TITLE

Iterated Strings and Cellular Automata

AUTHOR(S)
Andriychenko, Oleksiy; Chamberland, Marc
PUB. DATE
September 2000
SOURCE
Mathematical Intelligencer;Fall2000, Vol. 22 Issue 4, p33
SOURCE TYPE
Academic Journal
DOC. TYPE
Article
ABSTRACT
Presents an elementary proof to a mathematical problem posed by Sir Bryan Thwaites. Emphasis on binomial coefficients and cellular automata; Process of iterating a string; Generation of the Sierpinski Gasket with cellular automata.
ACCESSION #
3922560

 

Related Articles

  • Problems and Solutions.  // Mathematical Spectrum;2014/2015, Vol. 47 Issue 2, p90 

    Students are invited to submit solutions to some or all of the problems below. The most attractive solutions received by 1st July will be published in a subsequent issue and are eligible for annual prizes. When writing to the Editorial Office, please state your full name and also the postal...

  • Largest coefficients in binomial expansions. Pahor, Milan // Australian Senior Mathematics Journal;2006, Vol. 20 Issue 1, p53 

    The article presents a closed form solution to mathematical problems involving largest coefficients in binomial expansions. Limitations to the described mathematical solution are pointed out. It is noted that a critical feature of the solution is that the coefficients rise and then fall in a...

  • The Alternative Bernoulli Trials. Glaister, Elizabeth M.; Glaister, Paul // Mathematics in School;Sep2013, Vol. 42 Issue 4, p31 

    The article focuses on the alternative meanings of Bernoulli trial, an experiment of which outcome is random and can be of either success or failure. It discusses the mathematical jumping game, wherein, the solution to the problem is found from the sum of an infinite geometric series. It...

  • VISUALIZING VANDERMONDE'S CONVOLUTION ON THE EXTENDED PASCAL'S TRIANGLE. Chandrupatla, Tirupathi R.; Osler, Thomas J. // Mathematics & Computer Education;Spring2008, Vol. 42 Issue 2, p118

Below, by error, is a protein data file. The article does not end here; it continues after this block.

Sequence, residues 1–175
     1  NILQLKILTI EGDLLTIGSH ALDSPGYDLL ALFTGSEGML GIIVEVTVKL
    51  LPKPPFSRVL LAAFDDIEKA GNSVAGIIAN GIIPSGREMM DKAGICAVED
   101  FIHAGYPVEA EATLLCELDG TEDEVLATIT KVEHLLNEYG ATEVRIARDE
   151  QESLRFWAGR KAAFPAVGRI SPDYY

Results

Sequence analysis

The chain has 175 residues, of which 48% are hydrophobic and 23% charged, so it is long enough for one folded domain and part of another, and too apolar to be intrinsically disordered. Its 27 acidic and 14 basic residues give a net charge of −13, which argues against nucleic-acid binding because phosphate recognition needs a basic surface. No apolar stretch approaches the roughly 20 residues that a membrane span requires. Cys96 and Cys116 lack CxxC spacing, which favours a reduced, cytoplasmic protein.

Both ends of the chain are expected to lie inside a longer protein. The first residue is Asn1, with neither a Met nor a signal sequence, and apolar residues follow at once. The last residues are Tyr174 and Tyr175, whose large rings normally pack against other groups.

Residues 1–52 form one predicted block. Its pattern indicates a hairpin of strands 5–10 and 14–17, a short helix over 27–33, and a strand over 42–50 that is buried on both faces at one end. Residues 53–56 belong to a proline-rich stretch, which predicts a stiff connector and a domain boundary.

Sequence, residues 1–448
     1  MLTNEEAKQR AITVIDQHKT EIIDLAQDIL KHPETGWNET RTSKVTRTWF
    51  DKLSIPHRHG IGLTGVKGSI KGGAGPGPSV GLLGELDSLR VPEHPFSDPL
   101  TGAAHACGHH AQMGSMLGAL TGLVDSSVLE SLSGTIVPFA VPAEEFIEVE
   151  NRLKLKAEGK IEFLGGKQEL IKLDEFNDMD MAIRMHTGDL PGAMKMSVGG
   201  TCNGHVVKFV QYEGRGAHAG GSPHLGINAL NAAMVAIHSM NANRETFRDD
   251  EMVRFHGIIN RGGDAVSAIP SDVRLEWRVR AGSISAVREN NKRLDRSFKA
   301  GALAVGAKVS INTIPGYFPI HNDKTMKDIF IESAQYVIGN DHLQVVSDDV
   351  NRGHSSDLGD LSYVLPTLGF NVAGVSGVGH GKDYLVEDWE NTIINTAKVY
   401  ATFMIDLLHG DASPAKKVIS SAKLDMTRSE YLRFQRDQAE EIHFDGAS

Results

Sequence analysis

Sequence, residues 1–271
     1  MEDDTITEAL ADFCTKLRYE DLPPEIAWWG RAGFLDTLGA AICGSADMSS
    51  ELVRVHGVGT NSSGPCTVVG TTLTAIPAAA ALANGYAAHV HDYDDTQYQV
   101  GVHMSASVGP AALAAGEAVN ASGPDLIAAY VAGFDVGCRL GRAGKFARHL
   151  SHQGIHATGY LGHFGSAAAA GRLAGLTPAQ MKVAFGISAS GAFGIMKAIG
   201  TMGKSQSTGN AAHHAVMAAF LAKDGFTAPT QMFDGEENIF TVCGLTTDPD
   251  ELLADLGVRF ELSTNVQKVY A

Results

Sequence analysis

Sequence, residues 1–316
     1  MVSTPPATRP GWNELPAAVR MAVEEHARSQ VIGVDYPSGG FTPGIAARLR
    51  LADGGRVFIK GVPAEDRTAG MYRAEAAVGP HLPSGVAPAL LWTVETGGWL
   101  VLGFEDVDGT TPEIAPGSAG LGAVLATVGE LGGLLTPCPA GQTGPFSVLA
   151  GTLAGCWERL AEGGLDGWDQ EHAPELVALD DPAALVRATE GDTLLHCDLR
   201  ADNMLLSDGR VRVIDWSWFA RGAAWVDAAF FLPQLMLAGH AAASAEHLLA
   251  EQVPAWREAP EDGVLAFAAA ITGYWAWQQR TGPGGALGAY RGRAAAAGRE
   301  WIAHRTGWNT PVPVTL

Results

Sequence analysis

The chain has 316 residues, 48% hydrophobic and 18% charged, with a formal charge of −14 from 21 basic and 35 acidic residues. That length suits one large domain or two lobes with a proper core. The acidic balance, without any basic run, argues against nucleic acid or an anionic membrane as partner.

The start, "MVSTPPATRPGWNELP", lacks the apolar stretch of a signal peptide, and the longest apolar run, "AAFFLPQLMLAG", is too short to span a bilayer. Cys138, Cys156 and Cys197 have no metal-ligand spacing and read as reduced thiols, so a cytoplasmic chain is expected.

The article discusses a method of visualizing Vandermonde's convolution, also known as the Chu-Vandermonde convolution, on the extended Pascal's triangle. The binomial coefficient represents the number of different combinations of n distinct objects taken k at a time without repetition. The...

  • An Exact and Optimal Local Solution to the Two-Dimensional Convex Hull of Arbitrary Points Problem. TORBEY, SAMI; AKL, SELIM G. // Journal of Cellular Automata;2009, Vol. 4 Issue 2, p137 

    A solution to the convex hull problem can be very difficult to achieve using cellular automata, where the input points cannot directly communicate with each other. Previous solutions have been limited to the case where all input points are adjacent in discrete space (they form one non-convex...

  • Cellular Automata with Memory and the Density Classification Task. ALONSO-SANZ, RAMON // Journal of Cellular Automata;2013, Vol. 8 Issue 3/4, p283 

    The effectiveness of memory of delay type in solving the density classification task in cellular automata is assessed in this study.

  • Why Do We Believe Theorems?†. PELC, ANDRZEJ // Philosophia Mathematica;Feb2009, Vol. 17 Issue 1, p84 

    The formalist point of view maintains that formal derivations underlying proofs, although usually not carried out in practice, contribute to the confidence in mathematical theorems. Opposing this opinion, the main claim of the present paper is that such a gain of confidence obtained from any...

  • Problem Solving as a Precursor to Mathematical Proof. Sriraman, Bharath // Mathematics in School;Jan2005, Vol. 34 Issue 1, p4 

    Discusses the use of problem solving in teaching mathematical proof. Debate regarding the introduction and teaching of mathematical proof to students; Information on the inductive-interpretive approach; Details of the inductive-deductive approach.

  • Algorithmic Scientific Inference. CASE, JOHN // International Journal of Unconventional Computing;2012, Vol. 8 Issue 3, p193 

    It is argued that, scientific laws, including quantum mechanical ones, can be considered algorithmic, that the expected behavior of the world, if not its exact behavior, is algorithmic, that, then, communities of human scientists over time have algorithmic expected behavior. Some sample theorems...

Share

Read the Article

Courtesy of VIRGINIA BEACH PUBLIC LIBRARY AND SYSTEM

Sorry, but this item is not currently available from your library.

Try another library?
Sign out of this library

Other Topics